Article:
Also on April 20th the offensive began again, after another round of artillery of course. This attack based based around pushing from east to west and a combination of the artillery, Nationalist air power, and the completely inadequate nature of Basque entrenchments pushed the defenders to the point of collapse. There were several instances of units moving out of the line without warning or orders to do so as the collapse began. Then on April 25th, one of the most infamous events of the war would occur. In the late afternoon in the town of Guernica church bells began ringing to warn of an air attack. People began to move into pre-arranged air raid shelters and at around 5PM aircraft were spotted overhead, and the bombs started falling. Several squadrons of German bombers were assigned the mission of bombing the city first to cut off various routes out of the city being used by military forces, and then as direct terror bombing of civilian targets which would last for hours. Hundreds of people would be killed and many more wounded. Huge amounts of the town were destroyed, strictly for the purpose of terrorizing both the people and soldiers in the area and all those left within the enclave. The destruction of clearly civilian targets would become one of the main talking points of the events in Spain. The indiscriminate bombing of cities would become common place in later years, but in 1937 this was new and unique. At a time when fears of aerial bombing were at an all time high in several nations, it fed into existing fears. The Republican leaders then fed into this by greatly exaggerating the number of people killed in the attack, claiming the number was as high as 1,700. The clear presence of German aircraft put additional strain on the official non-intervention policies of Britain and France, although not enough to force them to make changes. The bombing of Guernica, and the death and destruction it would cause, would go on to be one of the most lasting international legacies of the war and was seen as a moment marking a new age of warfare that would be greatly amplified during the Second World War.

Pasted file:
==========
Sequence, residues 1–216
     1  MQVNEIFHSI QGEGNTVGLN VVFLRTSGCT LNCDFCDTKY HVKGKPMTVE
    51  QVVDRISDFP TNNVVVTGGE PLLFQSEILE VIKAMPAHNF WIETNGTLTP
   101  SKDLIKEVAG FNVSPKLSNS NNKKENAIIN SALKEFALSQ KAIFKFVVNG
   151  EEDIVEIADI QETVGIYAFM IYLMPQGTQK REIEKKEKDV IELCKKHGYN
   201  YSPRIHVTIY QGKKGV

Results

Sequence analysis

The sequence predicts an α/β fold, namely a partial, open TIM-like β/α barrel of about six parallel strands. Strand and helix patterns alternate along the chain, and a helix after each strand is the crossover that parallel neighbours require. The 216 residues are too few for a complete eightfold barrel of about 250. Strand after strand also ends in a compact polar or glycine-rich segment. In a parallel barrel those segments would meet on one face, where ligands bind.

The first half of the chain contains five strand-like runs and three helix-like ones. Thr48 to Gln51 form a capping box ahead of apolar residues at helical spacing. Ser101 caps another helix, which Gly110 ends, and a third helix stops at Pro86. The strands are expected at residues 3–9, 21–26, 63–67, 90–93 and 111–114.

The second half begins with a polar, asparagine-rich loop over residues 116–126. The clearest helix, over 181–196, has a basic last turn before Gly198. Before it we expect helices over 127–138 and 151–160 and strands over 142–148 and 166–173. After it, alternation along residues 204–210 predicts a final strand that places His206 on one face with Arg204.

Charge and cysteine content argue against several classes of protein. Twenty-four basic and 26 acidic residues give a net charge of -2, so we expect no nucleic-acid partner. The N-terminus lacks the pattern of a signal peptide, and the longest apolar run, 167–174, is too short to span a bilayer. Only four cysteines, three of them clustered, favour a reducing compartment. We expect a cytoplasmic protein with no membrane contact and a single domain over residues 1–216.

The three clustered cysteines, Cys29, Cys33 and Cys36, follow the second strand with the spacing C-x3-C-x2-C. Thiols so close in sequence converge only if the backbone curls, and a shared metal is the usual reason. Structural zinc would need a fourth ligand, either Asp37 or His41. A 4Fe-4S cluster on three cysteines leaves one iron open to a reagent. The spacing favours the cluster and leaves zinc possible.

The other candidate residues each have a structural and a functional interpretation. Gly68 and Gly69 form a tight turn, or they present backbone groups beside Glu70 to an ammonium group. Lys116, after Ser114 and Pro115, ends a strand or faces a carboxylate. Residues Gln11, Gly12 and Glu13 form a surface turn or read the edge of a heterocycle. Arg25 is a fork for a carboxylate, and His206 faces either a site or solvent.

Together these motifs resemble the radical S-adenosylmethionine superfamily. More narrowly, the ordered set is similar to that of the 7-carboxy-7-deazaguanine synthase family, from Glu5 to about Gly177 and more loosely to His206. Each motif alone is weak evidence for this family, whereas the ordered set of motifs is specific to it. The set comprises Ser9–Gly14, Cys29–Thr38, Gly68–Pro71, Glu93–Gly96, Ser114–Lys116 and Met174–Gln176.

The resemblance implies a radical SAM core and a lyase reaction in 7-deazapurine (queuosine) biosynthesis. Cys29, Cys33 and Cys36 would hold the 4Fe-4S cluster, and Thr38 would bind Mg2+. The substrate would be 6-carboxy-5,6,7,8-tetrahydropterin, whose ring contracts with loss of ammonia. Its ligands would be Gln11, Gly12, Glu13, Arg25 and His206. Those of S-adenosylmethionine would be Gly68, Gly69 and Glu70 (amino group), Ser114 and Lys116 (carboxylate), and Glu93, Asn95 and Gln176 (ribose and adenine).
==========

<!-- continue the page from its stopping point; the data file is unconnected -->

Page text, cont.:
In early 1937 it would mark neither the beginning or the end of the attacks in the north, and the offensive would continue. During May more Nationalist troops would be brought north, greatly expanding the forces available as each of the four Navarrese brigades were increased in size and several thousand more Italian troops were also added to the attack. The advance continued until on May 22nd the troops began to reach the Iron Ring set of defenses. On June 3rd, before a new round of attacks could begin General Mola was killed in a plane crash. Mola had been one his way to meet with Franco to discuss the future course of the campaign, but his plane would crash in the Brujula mountains near Castile de Peones with the deaths of all on board. This was one of the reasons that Franco would avoid air travel for the rest of his life. Mola’s position was filled by General Davila with Colonel Vigon made his chief of staff, and this duo would stay together for the rest of the war. When looking at the defenses in front of the Nationalists Vigon would decide to target the area around Mount Gaztelumendi, in that area the defenses were forced into a sharp angle and they were not well developed. Remember that even after the huge amount of effort that was put into the Iron Ring defenses they were far from complete, and in this area they had serious weaknesses. The Nationalist assault would move against the defenses from both the north and the south and would include 144 artillery pieces and 100 aircraft. The initial plan called for the attack to begin on May 28th, but weather would intervene and it would prove to be impossible to launch the attack for two weeks. In attempting to marshal a defense the Basque forces were largely demoralized and weakened units that had been retreating since the offensive began. They were not completely beaten, and there were some solid rearguard actions as they had been forced to retreat, but they were heavily dependent on the ability of the prepared defenses around Bilbao to give them the strength to stop the advance. The constant issue that would continue to be present was the Nationalist domination of the air, which the Republicans had very little answer for. this become a greater and greater problem for morale as the offensives continued and events like the bombing of Guernica would occur. There were attempts to assist the forces within the Enclave, for example Republican aircraft would be sent from eastern Spain, however they were forced to fly around Nationalist territory and over French territory if they wanted to make it to the enclave. This long distance, much of it over mountainous terrain with uncertain weather, while also trying to dodge non-intervention patrols, meant that out of the 50 aircraft that were sent only 20 would actually make it to Bilbao successfully and intact. There were other ways in which the Republican leaders in Valencia attempted to the defenders in the north. Two attacks would be launched in May, the Huesca offensive and an attack in the Sierra de Guadarrama. Neither of these attacks would be greatly successful, or accomplish their greater goal of pulling Nationalist troops away from the attacks in the north. Along with attempts to assist, there were also concerns in Valencia that the Basque forces needed a new leader, and so Brigadier General Mariano Gamir, a Basque officers, was put in command. He would fly into Santander on May 29th and begin an inspection of the situation. What he found were units that had been drastically reduced in size due to the losses suffered over the previous months of fighting. A week later he would inform Valencia that given the state of the troops and the acute shortage of equipment he had little faith that Bilbao could be defended. The only thing really delaying the inevitable was the weather, which during the last half of May an early June would continue to prevent another Nationalist effort. However eventually the weather would break and Davila would order the assault to begin on June 12th.